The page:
In addition, on a TV we also can’t put important things near the edge of the screen, because many TV’s don’t display that area. Because the game wasn’t originally created with the Wii in mind, these changes caused a lot of headaches and took a lot of time.

We also had to do things like reduce the size of the game to fit within both the memory limitations and the downloadable size restrictions. Again, this was not a simple fix. We were determined to do it right and committed a lot of effort to making sure the game runs smoothly on the Wii.

Text was also a big challenge. There are a lot of places in the PC game where the screen was full of text. In addition to the smaller screen size and the need to keep important information away from the edges, we also had to take into account the fact that Wii users don’t sit next to the screen. They need to be able to read the text from across the room.

We tried to cut some text by being more concise but we also added the ability to scroll in some cases and in other cases we divided the text into multiple screens. We took a careful look at each screen to determine the best solution.

A great example of this challenge was on a particular screen where you choose which area of the world you want to visit with your train. This screen is a large map with a lot of selectable areas that filled the entire screen on the PC version.

Just shrinking this screen down didn’t work smoothly. All of the locations changed and the train path needed to be adjusted. We had to carefully adjust each location and make sure it still interacted well with all of the other elements on the screen.

While we anticipate these type of changes it certainly took us a lot longer than we originally planned to make everything work great. We might have been able to take a lot more shortcuts but we really wanted the game to shine on the Wii so we spent the extra time to get it right. We are really proud of the game.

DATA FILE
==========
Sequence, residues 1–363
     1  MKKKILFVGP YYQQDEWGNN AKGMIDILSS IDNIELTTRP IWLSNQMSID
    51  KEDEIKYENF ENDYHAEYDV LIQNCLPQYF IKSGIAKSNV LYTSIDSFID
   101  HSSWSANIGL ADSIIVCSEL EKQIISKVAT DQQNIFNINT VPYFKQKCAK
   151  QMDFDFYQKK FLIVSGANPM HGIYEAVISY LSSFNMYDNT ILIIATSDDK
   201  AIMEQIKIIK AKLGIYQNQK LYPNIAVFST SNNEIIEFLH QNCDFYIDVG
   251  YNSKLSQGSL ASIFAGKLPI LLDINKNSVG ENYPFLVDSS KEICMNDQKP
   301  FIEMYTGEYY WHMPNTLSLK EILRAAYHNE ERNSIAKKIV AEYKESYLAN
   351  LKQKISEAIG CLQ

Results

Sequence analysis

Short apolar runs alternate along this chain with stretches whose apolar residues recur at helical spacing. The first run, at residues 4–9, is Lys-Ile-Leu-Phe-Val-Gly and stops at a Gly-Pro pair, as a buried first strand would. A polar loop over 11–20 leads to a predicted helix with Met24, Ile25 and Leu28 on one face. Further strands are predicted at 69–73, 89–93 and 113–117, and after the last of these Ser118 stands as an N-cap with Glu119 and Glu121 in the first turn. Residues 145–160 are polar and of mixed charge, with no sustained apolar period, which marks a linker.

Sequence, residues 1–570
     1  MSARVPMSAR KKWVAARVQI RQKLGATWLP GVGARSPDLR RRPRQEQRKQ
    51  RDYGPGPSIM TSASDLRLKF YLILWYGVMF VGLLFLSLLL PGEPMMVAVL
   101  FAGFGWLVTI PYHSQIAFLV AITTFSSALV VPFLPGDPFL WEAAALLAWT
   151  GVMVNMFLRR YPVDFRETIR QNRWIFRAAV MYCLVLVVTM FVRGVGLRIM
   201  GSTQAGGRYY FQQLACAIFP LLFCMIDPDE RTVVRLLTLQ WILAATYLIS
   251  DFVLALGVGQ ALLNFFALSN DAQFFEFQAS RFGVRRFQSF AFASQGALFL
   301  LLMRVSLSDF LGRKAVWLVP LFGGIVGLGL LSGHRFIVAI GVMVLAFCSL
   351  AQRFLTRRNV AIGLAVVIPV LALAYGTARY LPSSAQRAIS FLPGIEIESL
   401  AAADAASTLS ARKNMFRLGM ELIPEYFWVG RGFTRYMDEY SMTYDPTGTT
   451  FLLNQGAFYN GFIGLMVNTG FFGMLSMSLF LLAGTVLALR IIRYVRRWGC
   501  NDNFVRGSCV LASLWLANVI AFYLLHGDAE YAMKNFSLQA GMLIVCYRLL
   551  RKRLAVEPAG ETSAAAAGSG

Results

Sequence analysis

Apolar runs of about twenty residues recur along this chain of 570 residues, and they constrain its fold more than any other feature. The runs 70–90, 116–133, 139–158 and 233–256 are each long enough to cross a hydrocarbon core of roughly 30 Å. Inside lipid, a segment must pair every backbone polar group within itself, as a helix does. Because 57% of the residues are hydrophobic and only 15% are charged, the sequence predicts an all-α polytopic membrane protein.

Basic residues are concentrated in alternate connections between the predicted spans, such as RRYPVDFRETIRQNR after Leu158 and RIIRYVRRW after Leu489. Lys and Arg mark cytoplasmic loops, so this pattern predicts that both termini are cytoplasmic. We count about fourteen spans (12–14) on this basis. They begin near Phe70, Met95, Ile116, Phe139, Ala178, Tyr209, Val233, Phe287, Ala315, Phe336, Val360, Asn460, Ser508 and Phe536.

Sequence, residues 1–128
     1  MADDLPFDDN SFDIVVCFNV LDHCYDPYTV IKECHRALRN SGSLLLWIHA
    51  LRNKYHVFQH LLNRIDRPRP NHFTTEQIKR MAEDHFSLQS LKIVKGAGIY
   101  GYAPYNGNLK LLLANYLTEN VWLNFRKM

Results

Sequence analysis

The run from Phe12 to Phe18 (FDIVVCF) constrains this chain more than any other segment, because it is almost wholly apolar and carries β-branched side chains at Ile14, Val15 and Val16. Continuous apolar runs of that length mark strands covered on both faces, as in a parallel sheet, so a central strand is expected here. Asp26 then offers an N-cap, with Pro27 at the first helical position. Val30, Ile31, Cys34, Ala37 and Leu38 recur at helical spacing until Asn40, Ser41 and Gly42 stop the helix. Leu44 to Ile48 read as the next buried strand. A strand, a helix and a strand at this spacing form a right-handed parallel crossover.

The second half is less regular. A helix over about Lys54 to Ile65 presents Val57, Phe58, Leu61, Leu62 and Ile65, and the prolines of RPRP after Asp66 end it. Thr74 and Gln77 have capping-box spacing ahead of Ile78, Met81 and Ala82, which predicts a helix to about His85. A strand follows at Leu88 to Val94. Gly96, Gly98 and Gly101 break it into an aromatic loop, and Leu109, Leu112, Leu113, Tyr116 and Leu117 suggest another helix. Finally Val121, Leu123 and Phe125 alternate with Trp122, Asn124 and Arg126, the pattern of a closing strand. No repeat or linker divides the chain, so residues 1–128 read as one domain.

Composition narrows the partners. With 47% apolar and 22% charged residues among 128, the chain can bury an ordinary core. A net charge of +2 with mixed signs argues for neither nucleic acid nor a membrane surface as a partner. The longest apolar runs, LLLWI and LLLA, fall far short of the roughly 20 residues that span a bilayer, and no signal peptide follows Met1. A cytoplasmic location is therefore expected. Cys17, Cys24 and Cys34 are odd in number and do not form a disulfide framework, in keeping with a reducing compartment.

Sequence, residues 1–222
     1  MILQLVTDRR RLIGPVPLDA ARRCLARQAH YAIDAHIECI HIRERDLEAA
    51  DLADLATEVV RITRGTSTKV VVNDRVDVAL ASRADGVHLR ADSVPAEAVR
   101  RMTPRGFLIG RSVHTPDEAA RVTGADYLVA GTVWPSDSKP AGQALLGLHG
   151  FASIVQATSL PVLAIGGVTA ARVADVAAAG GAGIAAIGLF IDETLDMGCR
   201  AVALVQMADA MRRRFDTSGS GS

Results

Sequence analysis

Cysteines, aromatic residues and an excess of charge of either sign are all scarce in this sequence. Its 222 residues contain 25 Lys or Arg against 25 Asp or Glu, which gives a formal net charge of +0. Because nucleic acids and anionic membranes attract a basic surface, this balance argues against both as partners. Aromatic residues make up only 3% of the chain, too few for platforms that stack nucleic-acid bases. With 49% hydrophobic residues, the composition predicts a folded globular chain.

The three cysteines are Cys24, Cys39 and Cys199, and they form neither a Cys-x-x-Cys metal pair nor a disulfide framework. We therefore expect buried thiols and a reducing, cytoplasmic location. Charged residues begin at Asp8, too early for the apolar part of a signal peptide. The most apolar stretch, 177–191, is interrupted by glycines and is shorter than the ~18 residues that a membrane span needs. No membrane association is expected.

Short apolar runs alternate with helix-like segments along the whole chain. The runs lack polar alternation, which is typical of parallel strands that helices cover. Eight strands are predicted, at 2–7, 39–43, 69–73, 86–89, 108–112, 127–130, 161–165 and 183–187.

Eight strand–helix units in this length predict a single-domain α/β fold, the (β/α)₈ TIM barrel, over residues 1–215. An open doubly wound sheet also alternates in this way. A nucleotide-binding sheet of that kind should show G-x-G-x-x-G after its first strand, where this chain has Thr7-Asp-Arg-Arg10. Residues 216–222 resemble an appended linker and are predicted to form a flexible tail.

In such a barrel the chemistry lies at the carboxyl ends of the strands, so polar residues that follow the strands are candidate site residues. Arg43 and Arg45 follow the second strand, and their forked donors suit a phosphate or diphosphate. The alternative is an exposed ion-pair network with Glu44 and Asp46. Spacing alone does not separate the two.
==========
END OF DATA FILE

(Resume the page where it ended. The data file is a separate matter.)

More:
The press release seems to imply a slight beef with brain training games with no "metagame." Explain!

BF: I’ve always thought brain training games were really fun to play, but as a gamer, I find myself wanting something more. We found that in The Amazing Brain Train.

The Amazing Brain Train brings a whole extra level and depth to this genre. By adding a story element the level of fun jumps significantly. The story and metagame provide motivation to make progress, give a greater sense of accomplishment, and make it hard to put the controller down. Every time I get an award I want to keep going and earn more.

It's kind of that "just one more quest" mentality. All of this is on top of the fact that all of the 15 mind games themselves are really fun and surprising challenging.

How many staff ended up working on this conversion, roughly?